Chapter 12: Geographical Distribution II
Aside from the distribution of alpine species, there are two more that demonstrate the fallacy of the special creation argument, but are explicable through my theory of migration and modification.
Freshwater species appear confined to specific and discrete habitats, constrained to rivers, lakes and waterways. Yet, I remember my surprise on finding that the freshwater creatures I was collecting in Brazil were peculiarly similar to those I had seen in Britain. In fact, these creatures seem to range through water bodies across vast areas, even though inhospitable dry land divides their potential habitats.
This ranging might be partly due to the adaptations many have that allow them to cover some distance overland at particular life stages. It might also be due to accidental transport- molluscs clinging to weed fragments on duck’s backs, seed-charged mud trapped in the feet of water birds, or even fish picked up in windstorms. I have experimented by suspending a ducks foot to which clung tightly many newly-hatched molluscs. They survived nearly 20 hours in the air, which would be quite long enough for a bird to fly hundreds of miles.
The unusual inhabitants of oceanic islands are the final and most important case I will discuss. They have certain surprising characteristics, including the relatively low numbers of island species compared to continental areas, counterbalanced by the strikingly high numbers of species found nowhere else. Islands seem to lack terrestrial mammals, yet have plenty of bat species. They almost ubiquitously lack amphibians, and herbaceous plants that are dwarfed by trees on the mainland are often tree-like themselves on islands.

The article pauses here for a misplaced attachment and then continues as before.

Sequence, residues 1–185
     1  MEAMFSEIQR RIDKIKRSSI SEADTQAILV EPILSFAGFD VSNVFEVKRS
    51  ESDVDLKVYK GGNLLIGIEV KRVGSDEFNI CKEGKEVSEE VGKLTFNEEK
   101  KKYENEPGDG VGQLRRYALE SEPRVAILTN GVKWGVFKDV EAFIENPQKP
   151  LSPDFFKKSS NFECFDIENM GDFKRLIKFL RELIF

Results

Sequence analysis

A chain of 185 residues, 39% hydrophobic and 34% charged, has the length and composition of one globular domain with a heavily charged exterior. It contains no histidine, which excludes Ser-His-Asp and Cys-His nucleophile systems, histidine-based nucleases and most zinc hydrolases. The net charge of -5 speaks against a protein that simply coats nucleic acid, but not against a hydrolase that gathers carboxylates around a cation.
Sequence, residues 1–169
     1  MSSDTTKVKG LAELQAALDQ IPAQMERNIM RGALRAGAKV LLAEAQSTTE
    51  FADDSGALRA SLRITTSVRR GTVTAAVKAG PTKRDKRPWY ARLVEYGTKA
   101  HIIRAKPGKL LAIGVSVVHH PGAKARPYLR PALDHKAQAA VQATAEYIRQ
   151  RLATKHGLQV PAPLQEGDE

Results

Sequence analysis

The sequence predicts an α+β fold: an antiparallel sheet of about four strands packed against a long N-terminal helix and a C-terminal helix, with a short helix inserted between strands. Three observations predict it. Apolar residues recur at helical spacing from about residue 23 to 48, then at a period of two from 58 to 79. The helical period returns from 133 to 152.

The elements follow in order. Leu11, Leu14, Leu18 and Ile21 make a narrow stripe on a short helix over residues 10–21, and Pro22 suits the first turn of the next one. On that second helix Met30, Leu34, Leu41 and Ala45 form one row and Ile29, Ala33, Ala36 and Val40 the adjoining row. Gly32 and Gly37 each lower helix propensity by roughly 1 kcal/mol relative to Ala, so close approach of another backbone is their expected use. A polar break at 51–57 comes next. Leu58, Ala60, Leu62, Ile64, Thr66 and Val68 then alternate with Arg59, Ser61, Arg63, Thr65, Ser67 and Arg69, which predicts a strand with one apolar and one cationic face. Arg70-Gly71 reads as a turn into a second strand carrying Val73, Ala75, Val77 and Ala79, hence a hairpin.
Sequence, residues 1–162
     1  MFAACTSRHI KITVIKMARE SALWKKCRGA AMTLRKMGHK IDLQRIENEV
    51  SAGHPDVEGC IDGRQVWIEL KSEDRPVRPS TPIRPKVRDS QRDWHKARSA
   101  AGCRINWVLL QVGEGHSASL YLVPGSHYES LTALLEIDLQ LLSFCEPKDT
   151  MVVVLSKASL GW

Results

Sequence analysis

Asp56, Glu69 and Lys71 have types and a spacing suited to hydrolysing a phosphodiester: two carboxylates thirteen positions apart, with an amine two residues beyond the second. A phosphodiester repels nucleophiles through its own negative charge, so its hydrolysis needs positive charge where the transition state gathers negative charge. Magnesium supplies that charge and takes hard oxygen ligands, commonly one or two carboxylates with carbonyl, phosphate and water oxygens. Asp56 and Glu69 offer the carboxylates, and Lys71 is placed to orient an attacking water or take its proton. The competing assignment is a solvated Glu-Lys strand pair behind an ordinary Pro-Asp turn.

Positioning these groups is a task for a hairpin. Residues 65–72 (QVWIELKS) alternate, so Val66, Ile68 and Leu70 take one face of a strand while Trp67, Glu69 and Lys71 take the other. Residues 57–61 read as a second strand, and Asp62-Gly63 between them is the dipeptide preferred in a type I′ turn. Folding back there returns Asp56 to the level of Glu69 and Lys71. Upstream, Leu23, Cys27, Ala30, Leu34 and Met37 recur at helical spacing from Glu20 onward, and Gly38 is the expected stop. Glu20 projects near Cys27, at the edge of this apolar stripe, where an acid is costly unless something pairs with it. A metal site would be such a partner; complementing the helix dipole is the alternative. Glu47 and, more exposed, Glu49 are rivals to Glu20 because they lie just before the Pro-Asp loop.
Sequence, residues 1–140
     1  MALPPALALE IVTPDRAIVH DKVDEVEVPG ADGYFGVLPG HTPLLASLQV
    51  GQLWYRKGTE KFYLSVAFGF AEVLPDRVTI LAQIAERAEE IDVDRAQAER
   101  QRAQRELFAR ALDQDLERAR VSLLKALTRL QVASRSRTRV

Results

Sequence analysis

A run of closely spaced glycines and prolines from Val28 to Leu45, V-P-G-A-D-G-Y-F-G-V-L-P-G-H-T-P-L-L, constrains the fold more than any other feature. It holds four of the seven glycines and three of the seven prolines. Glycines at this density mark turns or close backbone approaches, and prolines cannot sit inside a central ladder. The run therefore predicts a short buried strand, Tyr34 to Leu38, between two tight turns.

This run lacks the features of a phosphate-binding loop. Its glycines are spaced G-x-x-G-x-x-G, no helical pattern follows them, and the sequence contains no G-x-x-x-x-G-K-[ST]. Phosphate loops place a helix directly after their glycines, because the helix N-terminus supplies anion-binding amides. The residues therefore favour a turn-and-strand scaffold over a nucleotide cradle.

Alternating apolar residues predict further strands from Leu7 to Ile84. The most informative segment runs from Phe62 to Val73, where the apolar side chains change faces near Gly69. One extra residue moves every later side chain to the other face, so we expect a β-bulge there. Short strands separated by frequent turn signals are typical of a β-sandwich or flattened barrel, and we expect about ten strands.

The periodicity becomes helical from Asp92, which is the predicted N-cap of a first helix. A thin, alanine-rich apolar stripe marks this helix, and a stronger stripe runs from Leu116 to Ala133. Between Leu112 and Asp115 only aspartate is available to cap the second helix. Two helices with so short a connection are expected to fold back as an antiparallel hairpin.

Most of these island anomalies can be accounted for through my theory. Islands have few species because the seas between them and the mainland, sometimes thousands of miles, prove a generally impassable barrier to most organisms. Few reach islands to colonise them. This same isolation, though, provides new opportunities. New organic relationships can be formed within the unique societies and physical conditions on islands. Immigrants may become modified over time as a result, and come to differ from their mainland ancestors, while retaining similarities. Organisms can often take up entirely new roles on islands, such as the giant flightless birds of new Zealand or the large reptiles of the Galapagos Archipelago taking up the role of absent land mammals.
The factors affecting geographical patterns of forms can be seen within archipelagos, such as the Galapagos. Each island is inhabited by a unique species of land birds, each shaped minutely to the environment on its island. Yet, all the birds are closely related and share many similarities. This suggests that a single mainland species migrated over long ago, spreading from island to island, modified as it went. Crossings were probably rare due to the deep seas and low winds between islands, so the birds of different islands would diverge without interbreeding.
‘Nature, like a careful gardener, thus takes her seeds from a bed of a particular nature, and drops them in another equally well fitted for them.’